What does success look like for an author? Is it literary acclaim, millions of books sold, awards won, name recognition? If you have some or all of that going for you, how much does it matter that people like your writing?
I wonder if it still would feel like success if people bought but did not read your book. Do you care if readers give up on it partway through? According to Goodreads, the most frequently abandoned classics of literature are:
1. Catch 22, by Joseph Heller
2. Lord of the Rings, by J.R.R. Tolkien
3. Ulysses, by James Joyce
4. Moby Dick, by Hermann Melville
5. Atlas Shrugged, by Ayn Rand
I am not too proud to admit I have personally given up on each and every one of these classics. I am not a fan of literary fiction on the whole. I find it pretentious, angst-ridden, and unnecessarily prosy. I don’t really consider Catch 22 to be literary fiction. I did think it was boring though. I felt the same way about Cujo. There is a long list of books I wanted to like and tried to read, but ultimately quit, never returning to them.
Goodreads provides the results of their survey without discussing any of the survey methodology, so I don’t know the survey population, sample size, or anything about how they analyzed the data.
Among their findings, 15.8% of the respondents reported giving up on a book within the first 50 pages if they don’t find the book interesting enough. That would be the cohort I’d belong to. If I give an author fifty pages of my time to captivate me and they fail to do so, I walk. I subscribe to the school of thought that holds life is too short to read books you don’t enjoy.
Interestingly, 38.1% of the respondents answered that they never give up on a book. They finish, no matter what. I think there is something to be said for that approach. These are probably people who use reading as a way to discipline their minds. I think that is the hidden purpose of English Lit – to prepare people for a lifetime of reading stuff they’d never pick up if they thought they had a choice about it. Let’s face it, nobody wants to read a TPS report. Of course, there is always some chance the people who feel they have to finish a book are simply obsessive-compulsive.
I suspect the numbers might be different among the general reading population than among authors. I would think writers might tend to be less patient with books than the populace at large. Many of us read analytically, dissecting and judging each passage, even pausing to think, I wouldn’t have written it that way. That may make it harder for another author to pull us in. It becomes something like one magician watching another magician’s act.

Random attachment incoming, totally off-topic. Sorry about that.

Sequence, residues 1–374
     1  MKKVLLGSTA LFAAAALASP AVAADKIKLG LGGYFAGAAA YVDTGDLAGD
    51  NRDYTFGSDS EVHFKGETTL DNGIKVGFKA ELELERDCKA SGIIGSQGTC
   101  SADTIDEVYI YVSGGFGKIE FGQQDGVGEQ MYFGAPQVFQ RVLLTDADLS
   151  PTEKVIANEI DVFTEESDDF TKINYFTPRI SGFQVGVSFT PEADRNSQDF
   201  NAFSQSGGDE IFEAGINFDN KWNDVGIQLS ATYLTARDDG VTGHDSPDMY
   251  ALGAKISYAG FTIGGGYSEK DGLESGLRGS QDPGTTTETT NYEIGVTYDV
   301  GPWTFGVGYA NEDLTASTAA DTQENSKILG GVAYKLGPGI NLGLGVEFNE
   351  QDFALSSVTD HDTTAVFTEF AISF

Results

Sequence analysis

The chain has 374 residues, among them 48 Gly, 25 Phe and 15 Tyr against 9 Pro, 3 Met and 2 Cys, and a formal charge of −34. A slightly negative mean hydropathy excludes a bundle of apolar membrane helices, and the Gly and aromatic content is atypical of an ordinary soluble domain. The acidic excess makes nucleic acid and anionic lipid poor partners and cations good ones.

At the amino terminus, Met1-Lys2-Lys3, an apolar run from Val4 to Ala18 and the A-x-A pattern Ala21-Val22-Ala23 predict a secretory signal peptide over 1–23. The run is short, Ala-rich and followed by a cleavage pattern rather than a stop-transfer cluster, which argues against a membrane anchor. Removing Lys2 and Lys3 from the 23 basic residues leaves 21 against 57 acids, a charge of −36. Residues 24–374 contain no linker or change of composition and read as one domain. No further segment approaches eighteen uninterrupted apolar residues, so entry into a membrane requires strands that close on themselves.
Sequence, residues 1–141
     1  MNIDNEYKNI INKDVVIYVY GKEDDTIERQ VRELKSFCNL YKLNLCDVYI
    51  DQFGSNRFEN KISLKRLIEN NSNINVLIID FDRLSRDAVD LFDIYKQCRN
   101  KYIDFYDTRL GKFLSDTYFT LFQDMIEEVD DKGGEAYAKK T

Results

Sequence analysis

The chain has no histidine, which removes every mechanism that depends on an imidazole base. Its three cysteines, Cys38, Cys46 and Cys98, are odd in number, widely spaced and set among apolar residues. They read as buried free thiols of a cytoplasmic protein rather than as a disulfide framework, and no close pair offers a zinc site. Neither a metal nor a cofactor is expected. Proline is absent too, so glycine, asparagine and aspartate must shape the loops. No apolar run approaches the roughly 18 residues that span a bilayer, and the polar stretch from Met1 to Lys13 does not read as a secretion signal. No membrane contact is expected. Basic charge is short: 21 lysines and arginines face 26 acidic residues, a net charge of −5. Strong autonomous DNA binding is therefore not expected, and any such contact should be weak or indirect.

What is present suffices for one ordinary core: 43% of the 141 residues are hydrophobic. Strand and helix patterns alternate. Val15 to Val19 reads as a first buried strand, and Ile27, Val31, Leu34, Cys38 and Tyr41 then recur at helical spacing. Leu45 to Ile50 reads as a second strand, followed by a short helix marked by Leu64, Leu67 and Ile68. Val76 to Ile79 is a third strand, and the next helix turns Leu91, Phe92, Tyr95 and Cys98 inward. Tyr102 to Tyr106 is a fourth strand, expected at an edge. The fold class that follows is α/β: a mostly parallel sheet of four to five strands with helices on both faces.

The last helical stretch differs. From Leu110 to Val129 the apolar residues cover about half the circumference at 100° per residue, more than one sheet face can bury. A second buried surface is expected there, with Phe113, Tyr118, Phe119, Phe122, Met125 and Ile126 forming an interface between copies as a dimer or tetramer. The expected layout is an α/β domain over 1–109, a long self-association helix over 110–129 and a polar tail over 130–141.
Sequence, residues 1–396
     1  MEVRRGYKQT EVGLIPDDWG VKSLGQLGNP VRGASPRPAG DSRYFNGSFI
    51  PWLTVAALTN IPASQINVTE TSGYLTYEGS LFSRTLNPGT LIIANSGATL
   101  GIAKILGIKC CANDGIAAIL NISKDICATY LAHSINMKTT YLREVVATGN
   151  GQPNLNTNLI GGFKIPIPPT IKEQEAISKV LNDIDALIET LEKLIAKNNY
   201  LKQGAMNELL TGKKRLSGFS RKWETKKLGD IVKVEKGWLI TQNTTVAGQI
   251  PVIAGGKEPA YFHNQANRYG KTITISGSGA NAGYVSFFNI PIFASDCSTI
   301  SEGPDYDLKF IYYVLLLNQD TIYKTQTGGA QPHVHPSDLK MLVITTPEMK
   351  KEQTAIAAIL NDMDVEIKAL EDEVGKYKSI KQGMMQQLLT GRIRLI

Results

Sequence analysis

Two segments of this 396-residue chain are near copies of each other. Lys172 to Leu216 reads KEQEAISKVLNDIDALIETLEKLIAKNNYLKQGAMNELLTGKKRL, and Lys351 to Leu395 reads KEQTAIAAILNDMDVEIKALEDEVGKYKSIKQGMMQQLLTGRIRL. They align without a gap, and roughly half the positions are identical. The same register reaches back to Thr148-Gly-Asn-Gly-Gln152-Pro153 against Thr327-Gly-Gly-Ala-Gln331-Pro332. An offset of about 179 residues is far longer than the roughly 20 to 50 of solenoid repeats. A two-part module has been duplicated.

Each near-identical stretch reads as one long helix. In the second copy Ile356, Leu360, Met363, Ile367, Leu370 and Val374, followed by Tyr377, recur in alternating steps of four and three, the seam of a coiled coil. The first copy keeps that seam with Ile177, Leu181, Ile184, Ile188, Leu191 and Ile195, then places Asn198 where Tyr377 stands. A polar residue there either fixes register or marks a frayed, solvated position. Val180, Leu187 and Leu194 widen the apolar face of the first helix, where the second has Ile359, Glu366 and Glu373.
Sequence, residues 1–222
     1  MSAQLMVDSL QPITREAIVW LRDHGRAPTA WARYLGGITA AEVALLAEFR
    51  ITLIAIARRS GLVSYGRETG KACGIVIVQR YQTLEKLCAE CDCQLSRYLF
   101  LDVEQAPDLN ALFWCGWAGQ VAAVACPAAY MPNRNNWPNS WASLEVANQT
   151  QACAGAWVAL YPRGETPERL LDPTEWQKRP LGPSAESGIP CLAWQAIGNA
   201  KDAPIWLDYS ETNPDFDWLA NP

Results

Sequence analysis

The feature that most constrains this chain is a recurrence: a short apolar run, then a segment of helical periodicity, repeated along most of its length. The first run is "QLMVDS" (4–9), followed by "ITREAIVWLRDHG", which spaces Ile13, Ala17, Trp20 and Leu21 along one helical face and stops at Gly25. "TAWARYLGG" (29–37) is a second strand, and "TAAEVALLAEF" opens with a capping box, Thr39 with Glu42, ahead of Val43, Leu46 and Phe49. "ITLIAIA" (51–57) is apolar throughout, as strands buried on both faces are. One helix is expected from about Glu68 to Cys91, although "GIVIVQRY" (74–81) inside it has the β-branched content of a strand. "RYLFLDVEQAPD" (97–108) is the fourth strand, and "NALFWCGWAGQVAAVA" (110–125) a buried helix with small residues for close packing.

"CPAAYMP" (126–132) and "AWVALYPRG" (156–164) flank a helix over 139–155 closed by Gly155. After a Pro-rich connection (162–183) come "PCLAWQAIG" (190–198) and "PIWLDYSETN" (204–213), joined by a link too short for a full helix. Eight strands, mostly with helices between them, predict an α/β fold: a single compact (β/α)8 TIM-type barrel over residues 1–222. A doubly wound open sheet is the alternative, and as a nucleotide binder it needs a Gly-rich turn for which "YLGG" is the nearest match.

But I digress. I think most of us write with the hope our stories will captivate readers. If that happens, people will talk about the book, recommend it, sales will increase, and fame and fortune and accolades will follow. BUT – it all starts with somebody enjoying the read. That is what underlies the stratagem of giving books away. We hope to start an avalanche of success.
At least insofar as general fiction is concerned, I think that is true. There are authors who have different intentions. Some write to appeal only to certain elements of the population. They don’t want everyone to like their books. For these few, it matters more that the right people like their books.
In the end, success is individually defined. We set the bar ourselves. We alone can choose what matters to us. If your book accomplishes what you intended, you will count it a success if only 100 copies were ever bought. If you sold a million, but failed to get the kind of recognition you wanted, you’ll still consider the effort a failure.
Not to be mercenary, but I’ll take the kind of failure that allows me to wallow in luxury. What about you? Here is the question:
If you wrote a million-selling book, would it matter to you if everyone hated it? If your book is held up as an example of the pitiful state of the popular culture, a sign of the decline of civilization, will you cry your way to the bank? Ultimately, do you write hoping people will admire your writing, or buy your writing? Don’t say BOTH. For this exercise, force yourself to choose one.